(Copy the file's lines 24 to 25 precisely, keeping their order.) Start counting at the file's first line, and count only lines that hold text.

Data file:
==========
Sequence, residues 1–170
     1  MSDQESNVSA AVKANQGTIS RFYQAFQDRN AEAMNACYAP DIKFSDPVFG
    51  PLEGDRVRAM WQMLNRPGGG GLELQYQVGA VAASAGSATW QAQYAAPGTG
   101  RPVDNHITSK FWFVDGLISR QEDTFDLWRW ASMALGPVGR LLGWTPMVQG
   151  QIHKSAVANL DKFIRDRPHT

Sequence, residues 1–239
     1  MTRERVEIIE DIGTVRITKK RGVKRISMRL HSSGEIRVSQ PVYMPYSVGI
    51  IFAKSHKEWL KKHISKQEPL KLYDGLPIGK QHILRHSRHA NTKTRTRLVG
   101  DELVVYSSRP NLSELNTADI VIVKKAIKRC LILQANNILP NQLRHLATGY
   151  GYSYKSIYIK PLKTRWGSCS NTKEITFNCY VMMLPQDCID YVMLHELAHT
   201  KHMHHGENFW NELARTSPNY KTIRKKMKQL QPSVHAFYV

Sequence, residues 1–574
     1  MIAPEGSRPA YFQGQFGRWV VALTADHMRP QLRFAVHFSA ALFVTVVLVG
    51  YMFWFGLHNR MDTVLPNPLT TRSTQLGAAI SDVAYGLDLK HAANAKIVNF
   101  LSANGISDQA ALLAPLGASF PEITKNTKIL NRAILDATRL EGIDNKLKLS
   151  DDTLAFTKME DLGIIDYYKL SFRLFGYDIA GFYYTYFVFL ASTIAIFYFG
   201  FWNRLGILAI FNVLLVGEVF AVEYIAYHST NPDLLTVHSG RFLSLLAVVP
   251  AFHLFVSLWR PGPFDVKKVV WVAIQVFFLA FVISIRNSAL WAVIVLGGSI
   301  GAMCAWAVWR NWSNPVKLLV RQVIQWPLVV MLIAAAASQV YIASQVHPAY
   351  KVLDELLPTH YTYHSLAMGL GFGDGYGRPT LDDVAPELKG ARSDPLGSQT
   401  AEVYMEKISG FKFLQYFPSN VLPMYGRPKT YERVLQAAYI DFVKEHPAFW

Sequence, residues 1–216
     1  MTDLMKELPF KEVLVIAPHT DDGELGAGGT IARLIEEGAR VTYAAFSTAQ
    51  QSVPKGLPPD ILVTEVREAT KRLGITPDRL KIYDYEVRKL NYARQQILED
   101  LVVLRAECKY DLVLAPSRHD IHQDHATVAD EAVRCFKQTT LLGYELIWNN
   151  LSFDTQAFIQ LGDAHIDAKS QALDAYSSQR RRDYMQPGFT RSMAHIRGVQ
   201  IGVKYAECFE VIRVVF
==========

    51  QSVPKGLPPD ILVTEVREAT KRLGITPDRL KIYDYEVRKL NYARQQILED
   101  LVVLRAECKY DLVLAPSRHD IHQDHATVAD EAVRCFKQTT LLGYELIWNN